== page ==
The chiefs of 20th Century Fox TV rose early Wednesday for a wide-ranging discussion of the state of the TV biz and the state of their biz for the edification of NATPE-goers.
Gary Newman and Dana Walden, chairmen of 20th, spoke with NATPE prexy Rick Feldman about the recent consolidation in the network and studio biz, about efforts to rein in production costs and changing business models in general during an 8 a.m. opening sesh of the second day of the confab.
Walden was candid about the studio’s push to “rollback production costs that have risen out of whack with the advertising marketplace and the economy in general,” she said. Amid the belt-tightening across the industry, Walden said they were scrutinizing “what’s absolutely necessary” to spend on production “and where we can trim fat.”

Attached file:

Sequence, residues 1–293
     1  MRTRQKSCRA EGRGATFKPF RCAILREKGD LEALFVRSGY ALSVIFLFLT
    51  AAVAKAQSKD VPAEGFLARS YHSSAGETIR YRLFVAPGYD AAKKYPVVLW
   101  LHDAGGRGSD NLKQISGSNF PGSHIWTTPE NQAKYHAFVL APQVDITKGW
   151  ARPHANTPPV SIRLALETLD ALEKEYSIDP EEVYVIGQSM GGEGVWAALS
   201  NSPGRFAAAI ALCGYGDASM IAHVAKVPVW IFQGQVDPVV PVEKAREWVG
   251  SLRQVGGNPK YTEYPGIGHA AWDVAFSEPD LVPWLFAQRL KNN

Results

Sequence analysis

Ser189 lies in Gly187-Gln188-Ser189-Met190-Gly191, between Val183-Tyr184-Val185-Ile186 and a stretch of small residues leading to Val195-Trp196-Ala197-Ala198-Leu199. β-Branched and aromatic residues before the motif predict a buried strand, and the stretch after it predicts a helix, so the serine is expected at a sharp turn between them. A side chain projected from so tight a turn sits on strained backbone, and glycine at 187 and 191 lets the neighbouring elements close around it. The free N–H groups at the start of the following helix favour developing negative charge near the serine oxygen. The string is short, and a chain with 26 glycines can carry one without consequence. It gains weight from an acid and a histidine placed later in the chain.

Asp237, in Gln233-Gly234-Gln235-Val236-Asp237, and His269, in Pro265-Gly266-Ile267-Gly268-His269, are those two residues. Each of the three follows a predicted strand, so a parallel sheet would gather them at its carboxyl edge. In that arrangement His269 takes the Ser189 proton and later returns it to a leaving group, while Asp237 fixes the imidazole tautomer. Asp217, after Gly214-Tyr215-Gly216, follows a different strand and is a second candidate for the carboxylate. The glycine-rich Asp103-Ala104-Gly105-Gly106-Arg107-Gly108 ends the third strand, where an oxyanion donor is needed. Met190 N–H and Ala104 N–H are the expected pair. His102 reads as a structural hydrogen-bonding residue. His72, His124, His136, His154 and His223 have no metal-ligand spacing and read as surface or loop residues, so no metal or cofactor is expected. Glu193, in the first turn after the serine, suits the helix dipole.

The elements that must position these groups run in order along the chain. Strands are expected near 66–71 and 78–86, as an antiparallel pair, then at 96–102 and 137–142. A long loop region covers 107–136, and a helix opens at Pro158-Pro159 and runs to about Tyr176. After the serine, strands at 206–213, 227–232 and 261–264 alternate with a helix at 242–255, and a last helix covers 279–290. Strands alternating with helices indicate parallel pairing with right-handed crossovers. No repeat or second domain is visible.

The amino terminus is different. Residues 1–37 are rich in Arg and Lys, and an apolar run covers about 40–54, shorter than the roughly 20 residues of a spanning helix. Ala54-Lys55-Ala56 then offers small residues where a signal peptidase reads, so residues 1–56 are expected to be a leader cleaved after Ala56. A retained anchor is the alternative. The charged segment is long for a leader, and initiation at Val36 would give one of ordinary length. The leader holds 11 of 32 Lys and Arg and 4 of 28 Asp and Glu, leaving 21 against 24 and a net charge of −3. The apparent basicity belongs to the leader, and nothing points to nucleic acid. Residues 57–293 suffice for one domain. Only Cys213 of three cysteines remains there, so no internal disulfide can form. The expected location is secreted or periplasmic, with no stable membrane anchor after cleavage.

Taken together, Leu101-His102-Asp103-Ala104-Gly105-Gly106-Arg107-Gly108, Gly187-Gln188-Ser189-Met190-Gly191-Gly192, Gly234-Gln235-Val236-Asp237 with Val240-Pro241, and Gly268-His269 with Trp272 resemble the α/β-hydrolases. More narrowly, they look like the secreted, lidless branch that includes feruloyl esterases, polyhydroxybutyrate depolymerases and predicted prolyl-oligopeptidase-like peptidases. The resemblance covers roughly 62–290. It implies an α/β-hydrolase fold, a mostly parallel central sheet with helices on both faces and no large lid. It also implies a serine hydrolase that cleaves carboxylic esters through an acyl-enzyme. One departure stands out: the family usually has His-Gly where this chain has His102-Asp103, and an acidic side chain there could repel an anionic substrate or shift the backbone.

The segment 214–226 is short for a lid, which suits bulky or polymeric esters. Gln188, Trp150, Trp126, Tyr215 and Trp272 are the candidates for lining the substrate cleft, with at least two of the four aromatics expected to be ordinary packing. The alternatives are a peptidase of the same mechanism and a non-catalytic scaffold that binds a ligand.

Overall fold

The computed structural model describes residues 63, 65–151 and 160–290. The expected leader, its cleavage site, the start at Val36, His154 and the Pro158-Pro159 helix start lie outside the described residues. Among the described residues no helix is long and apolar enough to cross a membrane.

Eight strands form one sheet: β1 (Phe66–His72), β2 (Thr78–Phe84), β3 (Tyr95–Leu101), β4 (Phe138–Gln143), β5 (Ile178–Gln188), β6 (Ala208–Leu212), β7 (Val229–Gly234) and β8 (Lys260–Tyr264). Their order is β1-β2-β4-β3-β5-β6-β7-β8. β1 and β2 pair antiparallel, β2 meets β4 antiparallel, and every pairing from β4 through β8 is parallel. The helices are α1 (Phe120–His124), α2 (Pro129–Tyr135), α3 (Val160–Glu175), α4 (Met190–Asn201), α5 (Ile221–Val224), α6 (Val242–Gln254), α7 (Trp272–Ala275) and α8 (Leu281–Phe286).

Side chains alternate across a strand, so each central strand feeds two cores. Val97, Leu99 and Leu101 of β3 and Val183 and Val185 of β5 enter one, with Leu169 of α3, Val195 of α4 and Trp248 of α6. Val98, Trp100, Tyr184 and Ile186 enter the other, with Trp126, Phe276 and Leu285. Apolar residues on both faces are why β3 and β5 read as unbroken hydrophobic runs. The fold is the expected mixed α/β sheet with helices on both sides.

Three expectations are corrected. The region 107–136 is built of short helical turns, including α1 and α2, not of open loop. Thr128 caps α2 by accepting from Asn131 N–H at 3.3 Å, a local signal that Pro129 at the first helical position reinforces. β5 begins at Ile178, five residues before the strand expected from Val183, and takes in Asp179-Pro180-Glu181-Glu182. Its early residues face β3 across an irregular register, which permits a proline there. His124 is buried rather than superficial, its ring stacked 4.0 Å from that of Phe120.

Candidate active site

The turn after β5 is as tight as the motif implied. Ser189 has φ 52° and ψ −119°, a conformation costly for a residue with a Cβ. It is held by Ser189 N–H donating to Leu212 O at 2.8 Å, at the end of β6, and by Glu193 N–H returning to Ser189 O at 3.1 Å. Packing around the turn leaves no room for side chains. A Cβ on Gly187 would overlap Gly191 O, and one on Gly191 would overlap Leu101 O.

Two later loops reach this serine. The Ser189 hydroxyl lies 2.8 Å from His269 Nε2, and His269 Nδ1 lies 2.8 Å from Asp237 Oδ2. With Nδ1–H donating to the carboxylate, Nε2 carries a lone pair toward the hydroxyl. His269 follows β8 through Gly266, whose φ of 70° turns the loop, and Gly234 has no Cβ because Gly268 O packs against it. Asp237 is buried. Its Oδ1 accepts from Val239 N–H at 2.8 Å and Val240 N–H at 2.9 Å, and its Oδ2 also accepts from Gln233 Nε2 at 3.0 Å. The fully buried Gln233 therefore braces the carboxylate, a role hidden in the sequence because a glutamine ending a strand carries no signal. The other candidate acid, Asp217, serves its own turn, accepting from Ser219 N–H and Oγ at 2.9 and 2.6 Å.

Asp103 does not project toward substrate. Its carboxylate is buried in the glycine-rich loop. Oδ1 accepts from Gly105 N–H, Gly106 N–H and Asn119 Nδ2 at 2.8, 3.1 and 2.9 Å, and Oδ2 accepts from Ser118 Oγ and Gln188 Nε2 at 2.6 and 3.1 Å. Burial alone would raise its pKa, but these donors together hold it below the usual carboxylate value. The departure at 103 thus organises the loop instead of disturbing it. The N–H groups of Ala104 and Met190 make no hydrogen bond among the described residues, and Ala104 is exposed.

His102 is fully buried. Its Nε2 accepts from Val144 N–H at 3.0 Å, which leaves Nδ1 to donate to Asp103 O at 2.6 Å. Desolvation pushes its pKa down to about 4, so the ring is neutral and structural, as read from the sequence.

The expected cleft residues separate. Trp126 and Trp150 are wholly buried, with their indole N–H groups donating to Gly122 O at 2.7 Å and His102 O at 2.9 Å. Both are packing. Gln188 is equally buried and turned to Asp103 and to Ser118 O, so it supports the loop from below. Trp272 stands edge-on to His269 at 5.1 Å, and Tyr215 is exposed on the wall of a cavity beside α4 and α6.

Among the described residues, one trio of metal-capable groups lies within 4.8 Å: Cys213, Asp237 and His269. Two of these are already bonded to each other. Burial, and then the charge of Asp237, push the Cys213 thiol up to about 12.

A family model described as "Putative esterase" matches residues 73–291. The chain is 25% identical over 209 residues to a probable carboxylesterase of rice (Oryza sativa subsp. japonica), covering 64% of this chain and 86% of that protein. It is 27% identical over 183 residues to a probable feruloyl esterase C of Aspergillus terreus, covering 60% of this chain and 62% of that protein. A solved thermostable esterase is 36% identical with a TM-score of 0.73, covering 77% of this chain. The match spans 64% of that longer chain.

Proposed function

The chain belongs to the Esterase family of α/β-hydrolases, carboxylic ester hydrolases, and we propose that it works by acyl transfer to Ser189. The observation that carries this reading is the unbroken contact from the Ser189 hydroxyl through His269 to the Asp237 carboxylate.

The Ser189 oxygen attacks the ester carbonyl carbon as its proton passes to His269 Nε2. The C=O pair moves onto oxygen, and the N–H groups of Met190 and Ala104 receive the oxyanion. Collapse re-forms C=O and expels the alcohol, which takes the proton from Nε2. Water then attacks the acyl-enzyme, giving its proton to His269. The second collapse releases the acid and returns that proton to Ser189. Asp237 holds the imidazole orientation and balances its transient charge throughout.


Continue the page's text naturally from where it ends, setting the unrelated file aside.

One of the big cost drivers for drama series has been the gradual expansion of shooting skeds. Most high-end network shows now shoot eight days, as opposed to seven days or even six in decades past. Walden admitted that 20th was in fact one of the “original offenders” in allowing schedules to expand when “The X-Files” was at its peak and needed the time to maintain its movie-like production quality.
Asked by Feldman about the recent consolidation of network and studio operations at ABC and NBC, Newman said there were no such plans on the horizon for 20th, which remains as active a supplier for outside nets as it is for its Fox-owned siblings.
“Our management believes that it’s better to have different creative points of view” at the studio and net, Newman said, in order to ensure a diversity of ideas and opportunity flowing through the company and to preserve 20th’s independence in its dealings with outside nets.